Vikas Singh

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interested witness= This Court has consistently held that as a general rule the Court can and may act on the testimony of a single witness provided he is wholly reliable. There is no legal impediment in convicting a person on the sole testimony of a single witness. That is the logic of Section 134 of the Evidence Act, 1872. But if there are doubts about the testimony, the court will insist on corroboration. In fact, it is not the number, the quantity, but the quality that is material. The time- honoured principle is that evidence has to be weighed and not counted. The test is whether the evidence has a ring of truth, is cogent, credible and trustworthy or otherwise. = contradiction/ommissions/improvements= It is settled legal proposition that while appreciating the evidence, the court has to take into consideration whether the contradictions/omissions/improvements/embellishments etc. had been of such magnitude that they may materially affect the trial. Minor contradictions, inconsistencies, omissions or improvements on trivial matters without affecting the case of the prosecution should not be made the court to reject the evidence in its entirety. The court after going through the entire evidence must form an opinion about the credibility of the witnesses and the appellate court in natural course would not be justified in reviewing the same again without justifiable reasons.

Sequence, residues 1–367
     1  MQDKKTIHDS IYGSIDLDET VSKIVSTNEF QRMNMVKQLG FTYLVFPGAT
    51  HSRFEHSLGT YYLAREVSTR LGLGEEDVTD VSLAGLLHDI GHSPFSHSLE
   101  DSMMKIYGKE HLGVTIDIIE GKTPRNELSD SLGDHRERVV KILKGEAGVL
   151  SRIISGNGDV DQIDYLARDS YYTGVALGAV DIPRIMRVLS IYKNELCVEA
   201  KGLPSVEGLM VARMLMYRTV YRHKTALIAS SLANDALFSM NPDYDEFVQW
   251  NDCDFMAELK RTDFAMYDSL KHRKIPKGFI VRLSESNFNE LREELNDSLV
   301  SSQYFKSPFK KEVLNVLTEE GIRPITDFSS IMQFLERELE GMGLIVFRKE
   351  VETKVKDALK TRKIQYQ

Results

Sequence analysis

IN THE SUPREME COURT OF INDIA CRIMINAL APPELLATE JURISDICTION CRIMINAL APPEAL NO. 831 OF 2010 Takdir Samsuddin Sheikh …Appellant Versus State of Gujarat & Anr. …Respondents With CRIMINAL APPEAL NO. 832 OF 2010 J U D G M E N T Dr. B.S. CHAUHAN, J. 1. Both these appeals have been preferred against the judgment … Continue reading

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